bims-camemi Biomed News
on Mitochondrial metabolism in cancer
Issue of 2020‒09‒13
forty papers selected by
Christian Frezza
University of Cambridge, MRC Cancer Unit


  1. Nature. 2020 Sep 09.
    Luongo TS, Eller JM, Lu MJ, Niere M, Raith F, Perry C, Bornstein MR, Oliphint P, Wang L, McReynolds MR, Migaud ME, Rabinowitz JD, Johnson FB, Johnsson K, Ziegler M, Cambronne XA, Baur JA.
      Mitochondria require nicotinamide adenine dinucleotide (NAD+) in order to carry out the fundamental processes that fuel respiration and mediate cellular energy transduction. Mitochondrial NAD+ transporters have been identified in yeast and plants1,2 but their very existence is controversial in mammals3-5. Here we demonstrate that mammalian mitochondria are capable of taking up intact NAD+ and identify SLC25A51 (an essential6,7 mitochondrial protein of previously unknown function, also known as MCART1) as a mammalian mitochondrial NAD+ transporter. Loss of SLC25A51 decreases mitochondrial but not whole-cell NAD+ content, impairs mitochondrial respiration, and blocks the uptake of NAD+ into isolated mitochondria. Conversely, overexpression of SLC25A51 or a nearly identical paralog, SLC25A52, increases mitochondrial NAD+ levels and restores NAD+ uptake into yeast mitochondria lacking endogenous NAD+ transporters. Together, these findings identify SLC25A51 as the first transporter capable of importing NAD+ into mammalian mitochondria.
    DOI:  https://doi.org/10.1038/s41586-020-2741-7
  2. Nat Rev Genet. 2020 Sep 09.
    Dai Z, Ramesh V, Locasale JW.
      Molecular inputs to chromatin via cellular metabolism are modifiers of the epigenome. These inputs - which include both nutrient availability as a result of diet and growth factor signalling - are implicated in linking the environment to the maintenance of cellular homeostasis and cell identity. Recent studies have demonstrated that these inputs are much broader than had previously been known, encompassing metabolism from a wide variety of sources, including alcohol and microbiotal metabolism. These factors modify DNA and histones and exert specific effects on cell biology, systemic physiology and pathology. In this Review, we discuss the nature of these molecular networks, highlight their role in mediating cellular responses and explore their modifiability through dietary and pharmacological interventions.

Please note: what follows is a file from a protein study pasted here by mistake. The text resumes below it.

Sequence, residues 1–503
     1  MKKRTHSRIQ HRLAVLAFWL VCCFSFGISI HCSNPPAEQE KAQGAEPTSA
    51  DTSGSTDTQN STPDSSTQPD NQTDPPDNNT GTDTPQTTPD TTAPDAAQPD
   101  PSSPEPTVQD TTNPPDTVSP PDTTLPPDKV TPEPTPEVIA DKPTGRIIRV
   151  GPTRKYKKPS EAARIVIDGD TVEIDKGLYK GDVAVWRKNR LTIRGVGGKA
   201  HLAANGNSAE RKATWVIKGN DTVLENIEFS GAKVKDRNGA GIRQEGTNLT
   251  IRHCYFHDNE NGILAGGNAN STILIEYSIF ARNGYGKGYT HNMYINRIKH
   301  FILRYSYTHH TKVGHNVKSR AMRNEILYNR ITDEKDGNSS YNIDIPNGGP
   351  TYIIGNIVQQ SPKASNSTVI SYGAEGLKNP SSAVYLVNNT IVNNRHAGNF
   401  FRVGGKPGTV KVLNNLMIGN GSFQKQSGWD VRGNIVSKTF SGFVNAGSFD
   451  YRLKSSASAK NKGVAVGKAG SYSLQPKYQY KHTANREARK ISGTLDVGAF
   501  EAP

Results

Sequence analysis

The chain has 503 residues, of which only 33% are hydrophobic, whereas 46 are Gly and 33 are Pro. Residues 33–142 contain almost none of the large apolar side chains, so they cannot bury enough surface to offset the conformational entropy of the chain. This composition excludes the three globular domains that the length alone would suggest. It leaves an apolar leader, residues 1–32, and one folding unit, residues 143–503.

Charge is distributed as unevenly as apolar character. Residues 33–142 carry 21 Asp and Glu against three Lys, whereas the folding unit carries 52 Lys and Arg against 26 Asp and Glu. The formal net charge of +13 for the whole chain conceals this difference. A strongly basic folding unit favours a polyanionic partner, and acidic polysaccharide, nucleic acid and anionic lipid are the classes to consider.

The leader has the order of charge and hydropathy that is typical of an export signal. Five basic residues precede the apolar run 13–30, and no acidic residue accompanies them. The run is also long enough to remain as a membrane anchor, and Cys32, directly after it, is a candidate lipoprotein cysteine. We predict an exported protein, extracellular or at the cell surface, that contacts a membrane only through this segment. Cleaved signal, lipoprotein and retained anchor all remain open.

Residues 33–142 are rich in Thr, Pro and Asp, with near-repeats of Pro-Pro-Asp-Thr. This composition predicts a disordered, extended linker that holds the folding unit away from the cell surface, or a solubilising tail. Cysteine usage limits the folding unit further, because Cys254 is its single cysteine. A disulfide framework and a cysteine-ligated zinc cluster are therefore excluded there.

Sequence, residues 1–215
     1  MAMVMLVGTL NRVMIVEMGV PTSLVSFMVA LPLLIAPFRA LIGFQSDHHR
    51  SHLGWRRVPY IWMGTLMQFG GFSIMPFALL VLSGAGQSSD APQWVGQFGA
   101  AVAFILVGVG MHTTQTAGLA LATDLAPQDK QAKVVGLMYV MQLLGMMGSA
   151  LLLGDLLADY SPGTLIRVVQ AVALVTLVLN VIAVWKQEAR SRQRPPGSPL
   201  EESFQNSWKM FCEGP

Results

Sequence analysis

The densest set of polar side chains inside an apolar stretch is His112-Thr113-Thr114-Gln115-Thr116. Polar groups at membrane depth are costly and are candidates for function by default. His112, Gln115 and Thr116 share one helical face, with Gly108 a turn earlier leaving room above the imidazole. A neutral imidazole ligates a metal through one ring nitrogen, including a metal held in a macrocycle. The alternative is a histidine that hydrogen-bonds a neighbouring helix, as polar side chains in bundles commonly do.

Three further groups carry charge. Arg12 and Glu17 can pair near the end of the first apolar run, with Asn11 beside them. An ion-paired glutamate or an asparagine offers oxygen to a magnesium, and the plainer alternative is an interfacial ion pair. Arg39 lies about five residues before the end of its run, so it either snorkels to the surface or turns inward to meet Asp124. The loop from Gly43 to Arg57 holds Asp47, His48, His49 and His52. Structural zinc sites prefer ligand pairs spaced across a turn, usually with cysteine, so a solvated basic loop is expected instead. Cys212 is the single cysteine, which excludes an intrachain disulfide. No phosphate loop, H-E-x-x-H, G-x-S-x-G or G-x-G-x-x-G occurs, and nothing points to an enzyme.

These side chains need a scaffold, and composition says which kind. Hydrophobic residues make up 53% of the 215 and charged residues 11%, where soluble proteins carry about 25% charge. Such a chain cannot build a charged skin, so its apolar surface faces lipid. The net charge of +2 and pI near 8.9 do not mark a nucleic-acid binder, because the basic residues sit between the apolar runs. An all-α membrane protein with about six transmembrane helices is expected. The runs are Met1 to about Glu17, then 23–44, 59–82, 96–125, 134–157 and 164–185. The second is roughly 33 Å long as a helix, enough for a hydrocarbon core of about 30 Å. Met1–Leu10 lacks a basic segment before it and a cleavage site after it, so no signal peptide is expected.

DOI:  https://doi.org/10.1038/s41576-020-0270-8
  3. Nat Commun. 2020 09 08. 11(1): 4471
    Qin J, Guo Y, Xue B, Shi P, Chen Y, Su QP, Hao H, Zhao S, Wu C, Yu L, Li D, Sun Y.
      A human cell contains hundreds to thousands of mitochondrial DNA (mtDNA) packaged into nucleoids. Currently, the segregation and allocation of nucleoids are thought to be passively determined by mitochondrial fusion and division. Here we provide evidence, using live-cell super-resolution imaging, that nucleoids can be actively transported via KIF5B-driven mitochondrial dynamic tubulation (MDT) activities that predominantly occur at the ER-mitochondria contact sites (EMCS). We further demonstrate that a mitochondrial inner membrane protein complex MICOS links nucleoids to Miro1, a KIF5B receptor on mitochondria, at the EMCS. We show that such active transportation is a mechanism essential for the proper distribution of nucleoids in the peripheral zone of the cell. Together, our work identifies an active transportation mechanism of nucleoids, with EMCS serving as a key platform for the interplay of nucleoids, MICOS, Miro1, and KIF5B to coordinate nucleoids segregation and transportation.